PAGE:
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It needs to be well understood because just like knowledge, ingorance cannot be talked about without basing on some individual or group. It should therfore be negotiated soically because it is socially constructed. Ignorance is treated indiscriminately and unitary whereby terms like uncertainity, ambiguity and vagueness are considered synonymous by most writing on disaster.Turner together with several other writers in the fields of disasters and hazards refer to about three ignorance senses consisting of distortion which he also calls misinformation, incompleteness and irrelevance whereby relevant information is discounted and overlooked. In order to prevent disasters, there are various ways in information which would be need is classified. The things which are not known; what is known but not entirely appreciated; something which someone knows but does not present it collectively with other information in a timely manner when there will be realization of its significance and action of its message can be taken upon and things which is could be known but due to the absence of the place within the prevailing understanding modes, it could not be appreciated. Whether the processing of the correct information is taking place and issues like who does not know or who knows are being juxtaposed by this classification. There is also a temporary quality in this classification and the disaster onset and prevention is principally referred to. There is need to analyze the different issues separately because of the caution on whether some the several ignorance types are pertinent at varying degrees depending on the stages that they are at.
Impact of education on preparedness and adaptive response
Emergency practitioners and researchers use the preparedness as a concept which refers to several activities which indirectly or directly will reduce the loss of property and life in the event of a disaster. For instance individuals might engage in it by having a family emergency plan or putting in place route used for evacuation are some of the planning activities examples. Varying levels of preparedness has been revealed by research which the household or the individuals have engaged in planning activities during the pre-disaster period. For instance, a family disaster plan had been in 81% of the studied sample and almost all the individuals responded in accordance with the plan during the time Kalamazoo, Michigan was stuck by a tornado. Again in the volcano of Mt. St. Helens, though the slightly less values were found but it was still substantial household planning levels with a percentage of individuals about 48.8 and 69.9% in the sample of two communities which showed planning activity which was of high degree. By contrast few people were found prior to the earthquake in California in 1971 to have any preparation while a paltry three percent had established a disaster plan for the family in the floods of 1965 in Colorado.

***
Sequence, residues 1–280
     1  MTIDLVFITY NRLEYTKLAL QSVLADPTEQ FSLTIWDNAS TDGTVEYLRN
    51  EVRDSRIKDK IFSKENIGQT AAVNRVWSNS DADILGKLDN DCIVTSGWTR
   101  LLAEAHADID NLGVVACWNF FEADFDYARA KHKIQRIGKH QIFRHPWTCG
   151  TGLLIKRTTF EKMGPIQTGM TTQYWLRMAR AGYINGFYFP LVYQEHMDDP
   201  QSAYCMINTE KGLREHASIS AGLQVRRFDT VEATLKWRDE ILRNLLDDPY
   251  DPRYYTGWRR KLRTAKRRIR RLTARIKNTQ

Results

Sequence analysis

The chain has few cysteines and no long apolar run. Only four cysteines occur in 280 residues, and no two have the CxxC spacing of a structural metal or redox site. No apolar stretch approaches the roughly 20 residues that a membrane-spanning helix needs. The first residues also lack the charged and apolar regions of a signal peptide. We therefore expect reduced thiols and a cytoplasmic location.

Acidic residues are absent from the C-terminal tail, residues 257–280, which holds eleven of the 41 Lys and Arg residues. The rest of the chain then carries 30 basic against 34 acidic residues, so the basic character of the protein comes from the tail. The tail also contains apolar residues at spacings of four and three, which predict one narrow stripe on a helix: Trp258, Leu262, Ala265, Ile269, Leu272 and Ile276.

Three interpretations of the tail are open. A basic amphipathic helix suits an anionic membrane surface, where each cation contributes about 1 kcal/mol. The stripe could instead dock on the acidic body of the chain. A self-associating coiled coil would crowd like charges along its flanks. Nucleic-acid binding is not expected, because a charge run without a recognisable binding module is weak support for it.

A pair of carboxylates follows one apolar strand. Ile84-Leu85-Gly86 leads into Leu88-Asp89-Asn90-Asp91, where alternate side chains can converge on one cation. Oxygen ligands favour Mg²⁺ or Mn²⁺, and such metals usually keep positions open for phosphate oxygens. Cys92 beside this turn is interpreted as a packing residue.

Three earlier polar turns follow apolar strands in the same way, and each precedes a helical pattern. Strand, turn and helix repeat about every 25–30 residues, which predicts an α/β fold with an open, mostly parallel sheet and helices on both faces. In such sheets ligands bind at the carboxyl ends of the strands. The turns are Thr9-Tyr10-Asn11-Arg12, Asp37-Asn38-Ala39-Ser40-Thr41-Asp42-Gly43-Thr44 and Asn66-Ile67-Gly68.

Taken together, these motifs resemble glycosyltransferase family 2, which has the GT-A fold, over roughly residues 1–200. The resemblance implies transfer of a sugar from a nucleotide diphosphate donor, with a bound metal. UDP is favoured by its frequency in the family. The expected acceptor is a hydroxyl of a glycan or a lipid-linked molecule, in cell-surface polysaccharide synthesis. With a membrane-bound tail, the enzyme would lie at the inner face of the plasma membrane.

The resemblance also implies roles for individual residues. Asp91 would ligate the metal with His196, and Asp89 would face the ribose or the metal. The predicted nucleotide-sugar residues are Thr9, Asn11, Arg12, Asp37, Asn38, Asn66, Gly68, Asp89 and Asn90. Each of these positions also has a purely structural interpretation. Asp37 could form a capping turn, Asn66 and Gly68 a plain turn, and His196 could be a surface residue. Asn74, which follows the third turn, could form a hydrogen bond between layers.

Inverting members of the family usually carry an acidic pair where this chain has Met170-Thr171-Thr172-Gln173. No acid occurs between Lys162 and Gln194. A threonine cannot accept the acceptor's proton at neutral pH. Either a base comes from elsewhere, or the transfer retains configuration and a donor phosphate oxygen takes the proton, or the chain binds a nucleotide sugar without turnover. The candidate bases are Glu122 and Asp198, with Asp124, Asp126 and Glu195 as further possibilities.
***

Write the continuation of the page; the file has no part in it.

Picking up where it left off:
There is distinction of the planning activities from the adaptive response which involves behaviors that are protective in nature engaged by households or individuals because of knowledge of an impending disaster. Therefore the population which has obtained this information acts by for instance filling their cars with gas, removing or loose items in the yards, ensuring the flashlights are working and storing of food and water. These activities of response are associated to the planning activities and an appropriate response of activities results from higher preparedness levels. The individual's preparedness and prior planning is the one factor that was found to be related to favorable response consistently. Both response and planning activities are in fact aimed at mitigating the loss of property and life. The fact that activities of adaptive response take place after the threat has occurred while planning activities happen considerably prior to the threat of the disaster is a crucial conceptual importance. Therefore long-term and incessant activities are implied in the planning while adaptive response refers to immediate reaction to the threat. Therefore the impact of education can be analyzed on the two factors independently.
Impact of Disaster education